ISSN 1062-3604, Russian Journal of Developmental Biology, 2008, Vol. 38, No. 5, p. 324. © Pleiades Publishing, Inc., 2008.
Original Russian Text © I.A. Kosevich, 2008, published in Ontogenez, 2008, Vol. 38, No. 5, pp. 399–400.
Highly specialized parasitic rhizocephalans are
unlikely a well-known group of invertebrates for most
biologists. Nevertheless, this group of barnacles
remains within the scope of biologists since long due to
the speciﬁc features of their sexual and asexual repro-
duction and the impact on their hosts. Not least, the
interest to this group of crustaceans is maintained by
economic consequences of their parasitism in food
crustaceans. The publication of the ﬁrst monograph
reviewing most major aspects of rhizocephalan biology
can be considered as an important, timely, and impor-
The book gives the ﬁrst detailed presentation of
morphological and spatial organization of some rhizo-
cephalan species at the endoparasitic stage. The struc-
ture and blastogenetic development of the major parts
of interna (the stage of the parasite inside the host) has
been considered in detail in colonial rhizocephalans.
Comparative histological and ultrastructural data are
given for several species. The original and published
data on the stem cell behavior and development of germ
cell precursors obtained using current immunohis-
tochemical and molecular genetic techniques have been
reviewed for the ﬁrst time.
Considerable attention is given to the discussion of
reproductive and life cycles in several rhizocephalan
species. Speciﬁc parasite–host interactions were con-
sidered in detail. The properties of the reproductive
strategy of rhizocephalans and possible pathways of its
origin were discussed.
The monograph considers the problem of colonial
organization of the studied rhizocephalans in particular.
The ﬁrst comparison of the life cycles, structure, devel-
opment at the parasitic stage, and reproductive strate-
gies is given for colonial and noncolonial representa-
tives of this group of parasitic crustaceans. The data
obtained using unique culture methods and in vitro
monitoring of the endoparasitic stages are presented,
and these data conﬁrm the colonial organization of the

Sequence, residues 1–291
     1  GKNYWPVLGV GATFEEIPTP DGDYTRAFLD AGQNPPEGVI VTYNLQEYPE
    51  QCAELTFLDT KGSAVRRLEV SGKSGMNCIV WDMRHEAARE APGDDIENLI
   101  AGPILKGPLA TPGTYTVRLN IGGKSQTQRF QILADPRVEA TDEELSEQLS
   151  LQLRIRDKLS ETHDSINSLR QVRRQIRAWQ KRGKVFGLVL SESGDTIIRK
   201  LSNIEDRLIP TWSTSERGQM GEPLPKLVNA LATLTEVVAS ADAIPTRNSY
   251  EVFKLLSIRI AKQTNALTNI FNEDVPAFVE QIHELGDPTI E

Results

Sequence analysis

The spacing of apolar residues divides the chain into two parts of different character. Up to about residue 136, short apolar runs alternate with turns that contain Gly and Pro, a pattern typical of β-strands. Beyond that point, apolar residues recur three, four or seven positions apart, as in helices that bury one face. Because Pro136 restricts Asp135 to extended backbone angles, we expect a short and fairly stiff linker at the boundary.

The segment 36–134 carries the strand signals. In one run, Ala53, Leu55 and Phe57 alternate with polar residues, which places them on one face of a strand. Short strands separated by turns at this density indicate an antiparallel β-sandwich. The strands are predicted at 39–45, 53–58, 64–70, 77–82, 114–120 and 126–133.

studied rhizocephalan species. The evolutionary conse-
quences of the asexual reproduction based on blastoge-
nesis, which is unique for crustaceans and led to the
colonial organization in some rhizocephalans during
their parasitic stage are discussed.
Unfortunately, the book is not free from notable
blemishes. From the beginning, it becomes clear that it
is based on the grant reports for the Russian Foundation
for Basic Research. As a result, there are many repeats
(looking as the main text and summary at the end of
each chapter. The book will beneﬁt from a small dictio-
nary of major terms for readers not specializing in
rhizocephalans. A number of terms are not explained
after the ﬁrst incidence but much later.
The book claims several times that the colonial
organization of the studied rhizocephalan species is
beyond question and generally accepted. However, it is
not clear from the presented references. Moreover, the
authors mention the opinion of other researchers that do
not consider rhizocephalans as colonial animals. The
original data and conclusions are convincing; however,
erratic terminology related to the colonial organization
is sometimes used (“individuals” in the colony, etc.).
This biologically interesting section could be made
more compact and correct.
The typographic quality of the book is a serious
drawback. The quality of many light and electron
micrographs is so poor that some illustrations are hard
to understand. Under these circumstances, the book
could substantially beneﬁt from more informative line
drawings and diagrams instead of the presented micro-
graphs. The available drawings and diagrams are of
Despite these drawbacks, the book
is of great interest for a wide range of biol-
ogists. It will be clearly useful for both specialists and
readers interested in the general problems of zoology,
parasitology, and developmental biology.
Colonial Rhizocephalans (Crustacea, Rhizocephala): Asexual
Reproduction, Stem Cells, and Reproductive Strategy
by V. V. Isaeva and A. I. Sukalyuk, Moscow: Nauka, 2007